Hmm. Just kidding about that. Regardless, it’s the best-selling truck for lots of reasons, including a fresh style, aluminum body, great standard powertrain, and much, much more, including a cost-to-own award.
- Base model sticker price: $29,005
- Kelley Blue Book 5-Year Cost to Own: $48,362
- Short Report: Ford F-150
2018 Honda HR-V
New in the 2016 model year, the Honda HR-V is little bro to the CR-V, and probably is a few generations away from matching that vehicle’s level of refinement. Still, it’s a subcompact SUV that does small and economical things very well.
Despite what some would call a noisy interior, our reviewers thought the HR-V was a “drivable, parkable, packable, shareable solution.”
You won’t like the lack of power, but you will like it’s interior versatility – and the fact that it’s a cost-to-own champ.
- Base model sticker price: $21,445
- Kelley Blue Book 5-Year Cost to Own: $32,874
- Gallery: Honda HR-V
2018 Infiniti QX60
The Infiniti QX60 is the luxury ride you want when style, comfort and simplicity are what you need. Qualities like “fun to drive” aren’t really at the top of the list here, though the ride is comfy and you’re treated to a plethora of premium accouterments. Ahem.
More sensibly, you’ll love the QX60 for its great safety ratings (IIHS and NHTSA), whisper-quiet cabin, and unique styling. Another reason? A 5-year cost of ownership of $51,517.
- Base model sticker price: $44,295
- Kelley Blue Book 5-Year Cost to Own: $51,517
- Ratings and Review: Infiniti QX60
2018 Infiniti QX80
Now this is a flagship. Big, bad, and bodacious, the 2018 Infiniti QX80 is a lounge on wheels, slathered in leather and made quiet by pounds and pounds of insulation. Sure, it’s still body-on-frame, but frankly that’s part of the charm.
The 2018 model is also refreshed, with new styling to the front and rear of the vehicle. The same powertrain exists, however, so the question is whether or not the 2018 styling and technology updates are enough to keep the QX80 competitive with the likes of a new and improved Lincoln Navigator.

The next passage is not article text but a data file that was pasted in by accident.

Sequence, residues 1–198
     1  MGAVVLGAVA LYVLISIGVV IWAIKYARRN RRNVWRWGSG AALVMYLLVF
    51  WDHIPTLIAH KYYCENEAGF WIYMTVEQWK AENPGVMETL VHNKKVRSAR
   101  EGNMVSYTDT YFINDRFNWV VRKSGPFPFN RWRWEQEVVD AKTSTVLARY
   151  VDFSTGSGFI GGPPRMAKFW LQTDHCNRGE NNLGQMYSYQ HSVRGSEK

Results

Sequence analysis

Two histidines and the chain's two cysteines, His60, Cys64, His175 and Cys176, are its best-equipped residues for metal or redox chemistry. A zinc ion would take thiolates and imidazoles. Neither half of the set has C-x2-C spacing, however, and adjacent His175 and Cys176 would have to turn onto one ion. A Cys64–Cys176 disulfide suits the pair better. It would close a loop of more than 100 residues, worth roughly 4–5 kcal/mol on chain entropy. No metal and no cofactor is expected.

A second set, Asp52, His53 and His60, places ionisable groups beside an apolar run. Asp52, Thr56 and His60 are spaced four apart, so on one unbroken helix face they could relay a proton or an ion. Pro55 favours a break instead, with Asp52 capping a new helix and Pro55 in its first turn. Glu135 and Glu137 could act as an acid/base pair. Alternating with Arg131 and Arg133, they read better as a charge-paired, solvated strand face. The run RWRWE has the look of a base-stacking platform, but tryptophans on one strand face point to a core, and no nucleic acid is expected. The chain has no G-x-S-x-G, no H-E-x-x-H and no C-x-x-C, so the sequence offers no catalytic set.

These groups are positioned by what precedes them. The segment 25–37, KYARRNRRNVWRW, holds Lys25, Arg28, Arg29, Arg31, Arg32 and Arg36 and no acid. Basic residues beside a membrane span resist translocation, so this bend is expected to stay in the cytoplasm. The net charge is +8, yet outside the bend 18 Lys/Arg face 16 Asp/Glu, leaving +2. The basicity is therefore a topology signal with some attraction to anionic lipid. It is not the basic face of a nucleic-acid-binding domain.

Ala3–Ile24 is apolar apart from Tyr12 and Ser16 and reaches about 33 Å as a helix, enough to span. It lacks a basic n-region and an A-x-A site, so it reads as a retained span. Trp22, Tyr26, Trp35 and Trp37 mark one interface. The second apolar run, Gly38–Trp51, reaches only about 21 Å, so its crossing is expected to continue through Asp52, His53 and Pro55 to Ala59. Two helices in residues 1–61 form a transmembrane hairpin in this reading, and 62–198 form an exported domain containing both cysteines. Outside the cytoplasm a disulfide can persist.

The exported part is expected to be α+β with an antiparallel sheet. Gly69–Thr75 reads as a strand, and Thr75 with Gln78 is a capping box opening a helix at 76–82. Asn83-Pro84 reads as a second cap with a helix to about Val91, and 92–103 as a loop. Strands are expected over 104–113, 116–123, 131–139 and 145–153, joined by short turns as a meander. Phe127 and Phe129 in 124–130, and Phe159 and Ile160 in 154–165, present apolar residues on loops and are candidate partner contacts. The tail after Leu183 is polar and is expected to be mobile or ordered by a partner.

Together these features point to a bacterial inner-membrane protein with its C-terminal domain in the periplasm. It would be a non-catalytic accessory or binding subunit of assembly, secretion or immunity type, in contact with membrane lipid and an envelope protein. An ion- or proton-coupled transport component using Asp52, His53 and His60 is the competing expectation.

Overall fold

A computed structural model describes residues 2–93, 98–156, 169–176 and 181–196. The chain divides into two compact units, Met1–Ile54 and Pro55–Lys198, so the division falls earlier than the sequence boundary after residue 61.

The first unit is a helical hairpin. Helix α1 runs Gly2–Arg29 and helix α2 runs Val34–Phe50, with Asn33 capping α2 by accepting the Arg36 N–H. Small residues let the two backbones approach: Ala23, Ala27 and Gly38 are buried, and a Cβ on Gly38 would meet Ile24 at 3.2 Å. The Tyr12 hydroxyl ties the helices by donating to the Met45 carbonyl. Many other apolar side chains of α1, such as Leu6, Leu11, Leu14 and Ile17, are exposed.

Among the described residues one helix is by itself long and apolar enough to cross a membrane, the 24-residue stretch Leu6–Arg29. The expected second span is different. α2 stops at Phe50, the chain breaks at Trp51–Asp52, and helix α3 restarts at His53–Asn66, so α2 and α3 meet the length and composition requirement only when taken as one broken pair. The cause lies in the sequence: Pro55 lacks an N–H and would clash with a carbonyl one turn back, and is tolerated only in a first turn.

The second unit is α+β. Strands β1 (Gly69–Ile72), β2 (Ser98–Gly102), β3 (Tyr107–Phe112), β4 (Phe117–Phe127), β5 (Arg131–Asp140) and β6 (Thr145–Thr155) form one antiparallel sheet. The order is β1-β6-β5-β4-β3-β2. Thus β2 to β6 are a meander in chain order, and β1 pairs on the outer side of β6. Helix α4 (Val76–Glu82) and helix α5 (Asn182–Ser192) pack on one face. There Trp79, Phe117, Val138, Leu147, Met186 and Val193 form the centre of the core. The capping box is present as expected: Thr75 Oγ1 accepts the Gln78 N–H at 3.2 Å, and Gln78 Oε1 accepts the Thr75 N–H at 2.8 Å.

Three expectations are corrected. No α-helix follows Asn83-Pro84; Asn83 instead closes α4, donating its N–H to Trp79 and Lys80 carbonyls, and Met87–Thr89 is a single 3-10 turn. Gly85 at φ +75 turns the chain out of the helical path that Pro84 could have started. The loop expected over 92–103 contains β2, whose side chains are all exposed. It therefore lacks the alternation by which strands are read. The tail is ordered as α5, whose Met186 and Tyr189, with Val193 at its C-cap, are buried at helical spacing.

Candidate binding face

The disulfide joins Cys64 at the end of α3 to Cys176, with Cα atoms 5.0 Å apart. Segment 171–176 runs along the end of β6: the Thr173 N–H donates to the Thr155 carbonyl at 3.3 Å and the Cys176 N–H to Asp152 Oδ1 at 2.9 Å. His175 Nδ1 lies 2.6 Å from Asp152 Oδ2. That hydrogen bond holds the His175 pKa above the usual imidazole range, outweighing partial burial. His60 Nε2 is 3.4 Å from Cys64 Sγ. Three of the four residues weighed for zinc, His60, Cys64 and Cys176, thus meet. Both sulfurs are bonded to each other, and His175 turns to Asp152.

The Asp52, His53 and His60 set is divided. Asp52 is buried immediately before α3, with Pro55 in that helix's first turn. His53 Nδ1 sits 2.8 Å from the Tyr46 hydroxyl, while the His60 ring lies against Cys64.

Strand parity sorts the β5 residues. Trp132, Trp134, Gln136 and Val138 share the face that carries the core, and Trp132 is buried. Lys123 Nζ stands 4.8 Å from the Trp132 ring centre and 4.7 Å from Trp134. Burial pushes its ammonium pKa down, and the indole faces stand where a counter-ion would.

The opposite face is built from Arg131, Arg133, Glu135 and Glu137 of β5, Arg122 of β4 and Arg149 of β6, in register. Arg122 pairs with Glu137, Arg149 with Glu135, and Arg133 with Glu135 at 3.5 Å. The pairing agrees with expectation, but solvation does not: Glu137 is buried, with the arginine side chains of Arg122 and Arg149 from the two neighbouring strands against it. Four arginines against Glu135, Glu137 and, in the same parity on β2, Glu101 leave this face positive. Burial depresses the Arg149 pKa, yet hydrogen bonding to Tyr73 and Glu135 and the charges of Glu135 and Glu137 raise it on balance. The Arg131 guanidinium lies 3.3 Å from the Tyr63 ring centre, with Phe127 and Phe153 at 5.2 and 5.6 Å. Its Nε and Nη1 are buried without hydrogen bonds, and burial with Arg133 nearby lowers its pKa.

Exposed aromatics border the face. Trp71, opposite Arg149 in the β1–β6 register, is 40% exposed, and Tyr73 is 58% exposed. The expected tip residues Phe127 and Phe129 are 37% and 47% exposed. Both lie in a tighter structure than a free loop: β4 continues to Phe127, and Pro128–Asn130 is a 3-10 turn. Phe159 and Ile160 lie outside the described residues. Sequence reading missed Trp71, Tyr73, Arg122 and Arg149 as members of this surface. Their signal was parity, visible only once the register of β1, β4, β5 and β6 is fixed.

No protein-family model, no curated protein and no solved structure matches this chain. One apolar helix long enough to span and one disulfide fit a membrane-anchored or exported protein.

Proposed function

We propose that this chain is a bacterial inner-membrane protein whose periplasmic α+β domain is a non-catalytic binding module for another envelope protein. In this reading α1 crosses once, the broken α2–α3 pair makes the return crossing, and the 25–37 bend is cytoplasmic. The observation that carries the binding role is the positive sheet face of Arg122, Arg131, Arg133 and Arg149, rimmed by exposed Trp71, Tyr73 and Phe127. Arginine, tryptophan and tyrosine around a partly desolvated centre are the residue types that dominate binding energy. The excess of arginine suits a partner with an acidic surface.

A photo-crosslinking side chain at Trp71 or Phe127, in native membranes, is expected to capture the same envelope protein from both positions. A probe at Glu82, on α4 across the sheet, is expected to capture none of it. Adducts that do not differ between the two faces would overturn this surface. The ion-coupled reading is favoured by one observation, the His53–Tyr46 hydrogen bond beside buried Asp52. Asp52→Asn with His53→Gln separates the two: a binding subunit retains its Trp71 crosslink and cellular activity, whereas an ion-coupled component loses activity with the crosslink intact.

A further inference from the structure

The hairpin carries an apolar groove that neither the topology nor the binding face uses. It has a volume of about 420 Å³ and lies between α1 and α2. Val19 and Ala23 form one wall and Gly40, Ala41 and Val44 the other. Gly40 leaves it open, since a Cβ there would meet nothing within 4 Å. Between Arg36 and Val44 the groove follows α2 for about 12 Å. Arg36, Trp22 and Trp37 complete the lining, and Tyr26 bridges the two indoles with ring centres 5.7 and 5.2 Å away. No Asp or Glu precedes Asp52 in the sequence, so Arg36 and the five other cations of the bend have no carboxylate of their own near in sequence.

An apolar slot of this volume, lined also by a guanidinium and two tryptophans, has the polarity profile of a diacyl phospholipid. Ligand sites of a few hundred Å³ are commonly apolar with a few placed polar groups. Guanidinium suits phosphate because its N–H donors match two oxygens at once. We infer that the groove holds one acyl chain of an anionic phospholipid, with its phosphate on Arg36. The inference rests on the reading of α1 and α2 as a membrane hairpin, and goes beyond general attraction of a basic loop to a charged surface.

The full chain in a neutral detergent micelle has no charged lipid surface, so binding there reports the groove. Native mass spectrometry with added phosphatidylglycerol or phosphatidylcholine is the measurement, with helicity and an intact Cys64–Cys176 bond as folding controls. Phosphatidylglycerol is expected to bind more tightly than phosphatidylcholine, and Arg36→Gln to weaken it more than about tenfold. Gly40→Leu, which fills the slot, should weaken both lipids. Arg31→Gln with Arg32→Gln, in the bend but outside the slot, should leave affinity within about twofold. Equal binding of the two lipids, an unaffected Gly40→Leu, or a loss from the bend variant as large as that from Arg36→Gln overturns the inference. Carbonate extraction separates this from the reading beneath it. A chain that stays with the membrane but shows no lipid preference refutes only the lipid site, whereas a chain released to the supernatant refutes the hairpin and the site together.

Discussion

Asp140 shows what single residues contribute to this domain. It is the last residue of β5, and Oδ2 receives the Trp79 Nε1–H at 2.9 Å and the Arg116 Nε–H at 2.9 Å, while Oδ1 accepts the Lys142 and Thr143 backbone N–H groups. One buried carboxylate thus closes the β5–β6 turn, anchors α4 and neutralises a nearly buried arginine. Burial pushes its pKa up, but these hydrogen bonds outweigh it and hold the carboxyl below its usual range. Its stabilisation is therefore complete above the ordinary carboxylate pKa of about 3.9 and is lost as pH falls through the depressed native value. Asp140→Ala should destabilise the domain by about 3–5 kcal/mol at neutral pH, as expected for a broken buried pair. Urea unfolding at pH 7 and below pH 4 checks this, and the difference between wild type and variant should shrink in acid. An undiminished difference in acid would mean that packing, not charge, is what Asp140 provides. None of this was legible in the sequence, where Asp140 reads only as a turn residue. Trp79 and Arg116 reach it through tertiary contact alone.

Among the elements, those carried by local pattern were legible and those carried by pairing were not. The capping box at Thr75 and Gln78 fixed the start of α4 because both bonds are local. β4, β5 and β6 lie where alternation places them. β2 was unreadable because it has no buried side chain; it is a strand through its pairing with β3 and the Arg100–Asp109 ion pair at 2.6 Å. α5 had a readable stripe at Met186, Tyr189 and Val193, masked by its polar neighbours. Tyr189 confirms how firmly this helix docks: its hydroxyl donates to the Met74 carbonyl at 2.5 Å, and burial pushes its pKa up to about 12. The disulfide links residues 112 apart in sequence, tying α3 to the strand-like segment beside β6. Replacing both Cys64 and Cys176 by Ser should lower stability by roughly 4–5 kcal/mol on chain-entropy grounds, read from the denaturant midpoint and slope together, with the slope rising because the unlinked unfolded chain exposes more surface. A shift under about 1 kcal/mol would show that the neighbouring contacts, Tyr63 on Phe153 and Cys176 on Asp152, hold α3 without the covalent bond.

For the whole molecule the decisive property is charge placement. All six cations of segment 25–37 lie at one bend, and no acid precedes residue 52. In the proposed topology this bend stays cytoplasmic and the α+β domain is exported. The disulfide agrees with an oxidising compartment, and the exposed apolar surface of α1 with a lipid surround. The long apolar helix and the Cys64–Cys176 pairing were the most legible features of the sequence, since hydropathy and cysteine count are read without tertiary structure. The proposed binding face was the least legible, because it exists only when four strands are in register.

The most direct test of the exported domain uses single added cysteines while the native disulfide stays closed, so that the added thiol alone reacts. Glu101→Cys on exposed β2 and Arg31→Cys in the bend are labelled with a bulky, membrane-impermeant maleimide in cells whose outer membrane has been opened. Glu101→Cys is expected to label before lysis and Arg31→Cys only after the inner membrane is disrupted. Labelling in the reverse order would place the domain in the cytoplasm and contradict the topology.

- Base model sticker price: $65,745
- Kelley Blue Book 5-Year Cost to Own: $78,170
- First Drive: Infiniti QX80
2018 Jeep Wrangler Unlimited
It used to be that the Jeep Wrangler was a hard case. It was reserved for rock climbing and stream driving, for going off the path and making up new roads.
Not anymore – though it’s arguably more capable than ever. Today the focus is on suburbanites, and the updated 2018 version delivers. In fact, changes are focused on creature comforts, efficiency and pavement drivability.
So yes, it can and will do the Rubicon. But now it also does the shopping mall better than ever.
- Base model sticker price: $33,690
- Kelley Blue Book 5-Year Cost to Own: $36,244
- First Drive: 2018 Jeep Wrangler
2018 Subaru Crosstrek
There’s a lot of utility, capability and value stuffed into this small SUV. That’s in part thanks to standard all-wheel-drive, high ground clearance and a redesigned interior and exterior.
This is a practical vehicle that checks the box on all major considerations: safety, economy, cargo room and visibility…to name just a few. Naysayers might get cranky over the styling, or the power. But hey – small potatoes!
- Base model sticker price: $23,710
- Kelley Blue Book 5-Year Cost to Own: $34,724
- First Drive: Subaru Crosstrek
2018 Toyota Tacoma
A sign of the Tacoma’s long-running popularity? It’s the only midsize pickup truck with a nickname. Sure, there might be GMC Canyon out there named Brad, or Harvey – but to universally be called “Taco,” that’s a testament to real truck enthusiasm. It’s well-earned, too, because the Tacoma has been a rugged and practical vehicle for many years.
For 2018, it receives more safety equipment, such as pre-collision warning with pedestrian detection, lane-departure warning with sway warning, automatic high beams, and dynamic radar cruise control.
Given the improved competition (looking at you, Chevrolet Colorado and GMC Canyon) the Tacoma will need that and more to stay on top. To that end, a great cost of ownership number can’t hurt.
- Base model sticker price: $27,025
- Kelley Blue Book 5-Year Cost to Own: $37,083
- Review: Toyota Tacoma